Friday, December 2, 2011

Kabila: Congo's Willie Stark

"Which is nonsense, for whatever we live is Life. That is something to remember when you meet the old classmate who says, "Well now, on our last expedition up the Congo" -Robert Penn Warren, All The King's Men
Joseph Kabila who came to power as an accidental Willie Stark has since sucked into his orbit a network of former Bemba supporting Mobutists and other well-educated Congolese: "all the king's men". Joseph Kabila as the Great Twitch, the inevitable, but accidental, outcome of history. The mood of "Nobody is responsable, everybody is an observer" sums up Kabila's history, his entourage and his campaign. Are we all mere observers of the Congolese elections that analyze the facts as they are?

Let's not kid ourselves, the outcome of the Congolese elections won't be decided just by counting the votes and proclaiming the results on december sixth. It will be decided just as much on perception and relations between the international community and Kabila's government. We could speculate about the US Governments investment in Kabila, the State Department's longstanding history of despising Tshisekedi, the impotent observer since the cold war, Kabila's Chinese friends, the lack of funds to properly support the election process and the desire by diplomats to not rock the boat.  David Aronson nails it: "if there's a plausible case to be made that Kabila has won a legitimate election, the international community will".

Tshisekedi's populist campaign has encountered fierce hostility in English speaking press and diplomatic circles: "Western governments may be reluctant to side with Mr. Tshisekedi, who is viewed as a loose cannon...". Tshisekedi is "definitely unpopular inside Western embassies" .  Ambassador Rice on Tshisekedi telling Roger Meece to leave: "That tells you more about Tshisekedi". Western observers have a hard time finding positive aspects to Congolese elections in general and Tshisekedi in particular. Supposedly this election fixes nothing and could lead to disaster.  "The dogs bark, but the caravan moves on" seems to be the prevailing analysis of Tshisekedi's contribution to great lakes politics. To speak with drinkingwithbob: The media doesn't like him, the diplomats don't like him, the analysts don't like him: HE MUST BE DOING SOMETHING RIGHT!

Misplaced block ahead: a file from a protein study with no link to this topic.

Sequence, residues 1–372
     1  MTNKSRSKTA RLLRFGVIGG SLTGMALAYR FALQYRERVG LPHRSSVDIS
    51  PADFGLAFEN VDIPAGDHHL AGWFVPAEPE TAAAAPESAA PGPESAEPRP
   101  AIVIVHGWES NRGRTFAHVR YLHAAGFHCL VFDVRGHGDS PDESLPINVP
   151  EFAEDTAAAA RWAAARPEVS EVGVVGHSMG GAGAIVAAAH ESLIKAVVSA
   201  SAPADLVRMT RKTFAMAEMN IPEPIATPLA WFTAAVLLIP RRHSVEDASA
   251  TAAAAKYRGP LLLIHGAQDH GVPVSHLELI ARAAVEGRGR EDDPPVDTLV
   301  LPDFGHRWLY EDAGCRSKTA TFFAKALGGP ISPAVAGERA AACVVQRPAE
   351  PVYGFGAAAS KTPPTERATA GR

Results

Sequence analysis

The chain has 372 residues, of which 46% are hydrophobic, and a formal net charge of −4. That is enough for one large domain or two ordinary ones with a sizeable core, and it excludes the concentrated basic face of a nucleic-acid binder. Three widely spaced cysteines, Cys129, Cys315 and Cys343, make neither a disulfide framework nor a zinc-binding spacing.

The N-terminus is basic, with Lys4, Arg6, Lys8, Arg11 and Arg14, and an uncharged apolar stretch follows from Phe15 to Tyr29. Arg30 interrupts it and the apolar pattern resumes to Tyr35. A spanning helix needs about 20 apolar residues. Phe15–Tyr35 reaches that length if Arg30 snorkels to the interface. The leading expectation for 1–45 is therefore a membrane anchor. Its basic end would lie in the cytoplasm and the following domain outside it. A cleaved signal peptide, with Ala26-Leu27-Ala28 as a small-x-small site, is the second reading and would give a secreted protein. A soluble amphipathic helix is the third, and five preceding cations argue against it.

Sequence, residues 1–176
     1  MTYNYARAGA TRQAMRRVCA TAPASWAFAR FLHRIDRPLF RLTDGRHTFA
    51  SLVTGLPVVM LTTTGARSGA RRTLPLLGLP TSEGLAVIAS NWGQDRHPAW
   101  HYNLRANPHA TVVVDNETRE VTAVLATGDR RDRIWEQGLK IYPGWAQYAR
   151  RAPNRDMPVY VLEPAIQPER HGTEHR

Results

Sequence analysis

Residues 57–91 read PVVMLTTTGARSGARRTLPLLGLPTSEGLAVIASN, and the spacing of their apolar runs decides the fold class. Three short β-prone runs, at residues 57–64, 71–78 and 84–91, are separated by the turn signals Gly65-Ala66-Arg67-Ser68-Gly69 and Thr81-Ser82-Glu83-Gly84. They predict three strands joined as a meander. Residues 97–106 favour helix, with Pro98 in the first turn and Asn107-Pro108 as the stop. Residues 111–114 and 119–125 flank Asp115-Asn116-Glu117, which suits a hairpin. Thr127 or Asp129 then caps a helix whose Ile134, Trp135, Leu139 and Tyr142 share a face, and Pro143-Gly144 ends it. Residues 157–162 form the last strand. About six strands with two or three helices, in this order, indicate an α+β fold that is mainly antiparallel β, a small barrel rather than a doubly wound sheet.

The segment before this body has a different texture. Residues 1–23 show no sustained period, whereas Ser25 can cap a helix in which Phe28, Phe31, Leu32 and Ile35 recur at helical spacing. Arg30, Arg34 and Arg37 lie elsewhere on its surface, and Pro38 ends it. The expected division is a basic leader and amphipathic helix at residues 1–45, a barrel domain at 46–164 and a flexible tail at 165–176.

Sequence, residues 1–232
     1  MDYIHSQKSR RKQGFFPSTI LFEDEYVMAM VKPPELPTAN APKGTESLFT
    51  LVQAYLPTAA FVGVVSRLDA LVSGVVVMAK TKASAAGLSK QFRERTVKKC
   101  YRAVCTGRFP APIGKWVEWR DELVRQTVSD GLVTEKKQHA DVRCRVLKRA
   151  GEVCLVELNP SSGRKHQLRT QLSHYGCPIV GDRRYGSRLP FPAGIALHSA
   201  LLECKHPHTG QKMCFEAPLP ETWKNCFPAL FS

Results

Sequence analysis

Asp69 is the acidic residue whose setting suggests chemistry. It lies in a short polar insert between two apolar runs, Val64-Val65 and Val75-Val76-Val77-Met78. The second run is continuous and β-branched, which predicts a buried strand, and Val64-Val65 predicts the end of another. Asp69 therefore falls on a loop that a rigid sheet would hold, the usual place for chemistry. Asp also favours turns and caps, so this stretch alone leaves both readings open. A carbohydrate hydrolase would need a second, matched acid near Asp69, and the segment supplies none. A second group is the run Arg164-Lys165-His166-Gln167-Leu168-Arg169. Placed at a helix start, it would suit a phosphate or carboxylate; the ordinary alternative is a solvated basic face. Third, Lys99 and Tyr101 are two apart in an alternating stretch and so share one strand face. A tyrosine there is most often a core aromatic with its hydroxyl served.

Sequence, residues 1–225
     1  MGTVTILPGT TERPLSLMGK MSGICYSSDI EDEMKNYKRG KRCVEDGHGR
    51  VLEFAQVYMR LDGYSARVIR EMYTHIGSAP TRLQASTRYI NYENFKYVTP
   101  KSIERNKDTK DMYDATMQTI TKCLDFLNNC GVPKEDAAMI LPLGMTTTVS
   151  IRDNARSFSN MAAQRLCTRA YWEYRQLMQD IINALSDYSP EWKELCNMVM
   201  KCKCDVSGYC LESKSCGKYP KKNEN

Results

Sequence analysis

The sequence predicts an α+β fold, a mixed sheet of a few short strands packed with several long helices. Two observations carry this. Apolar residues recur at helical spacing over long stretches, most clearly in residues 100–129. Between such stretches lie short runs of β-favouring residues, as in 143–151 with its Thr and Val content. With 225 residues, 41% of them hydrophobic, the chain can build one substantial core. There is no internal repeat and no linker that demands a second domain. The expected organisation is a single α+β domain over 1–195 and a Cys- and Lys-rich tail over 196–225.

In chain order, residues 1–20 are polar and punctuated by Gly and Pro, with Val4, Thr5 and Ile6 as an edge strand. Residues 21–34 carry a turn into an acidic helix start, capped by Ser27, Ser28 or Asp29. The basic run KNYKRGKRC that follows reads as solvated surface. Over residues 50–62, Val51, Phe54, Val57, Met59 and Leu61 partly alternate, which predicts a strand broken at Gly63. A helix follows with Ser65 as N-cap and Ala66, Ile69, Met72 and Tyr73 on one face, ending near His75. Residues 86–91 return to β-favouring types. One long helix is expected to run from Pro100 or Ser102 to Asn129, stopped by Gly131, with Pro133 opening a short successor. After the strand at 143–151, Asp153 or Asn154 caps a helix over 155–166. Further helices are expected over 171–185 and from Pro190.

The exception has been Belgian journalist Colette Braeckman, traditionally considered the devil by many UDPS supporters in the diaspora, smoking figurative peace pipes with "the Sphinx of Limete".

Tshisekedi's participation, giving Joseph Kabila a run for his money, has turned this into a real election in which citizens, diplomats, analysts and politicians are converted from mere observers of a chain of uncontrollable events into vigilant actors (UDPS: Albert Moleka) with real responsabilities: "a journey away from an amoral perspective on human history toward a belief in the fundamental interconnectedness of all of history". How often do you see that in Africa? How often have we seen that in Congo? Will we ever see it again? As Roger Meece reminded us on Congo months back: all is not lost, the challenges are not too great to confront, we are not facing imminent failure.

2 comments:

Anonymous said...

Well written blog. However I disagree with your assessment thet Colette Braeckaman has "smoked the peace pipe" with Tshisekedi. She continues to belittle him in her blogs, being very dismissive of the opposition. That so called great lakes expert is just a mouth piece for special interest belgium groups

Vincent Harris said...

Thank you. I'm not sure what special interest she might represent. I do agree she probably did not "smoke a peace pipe" as I initially thought, but rather used her positive words as a run-up for her campaign against the opposition.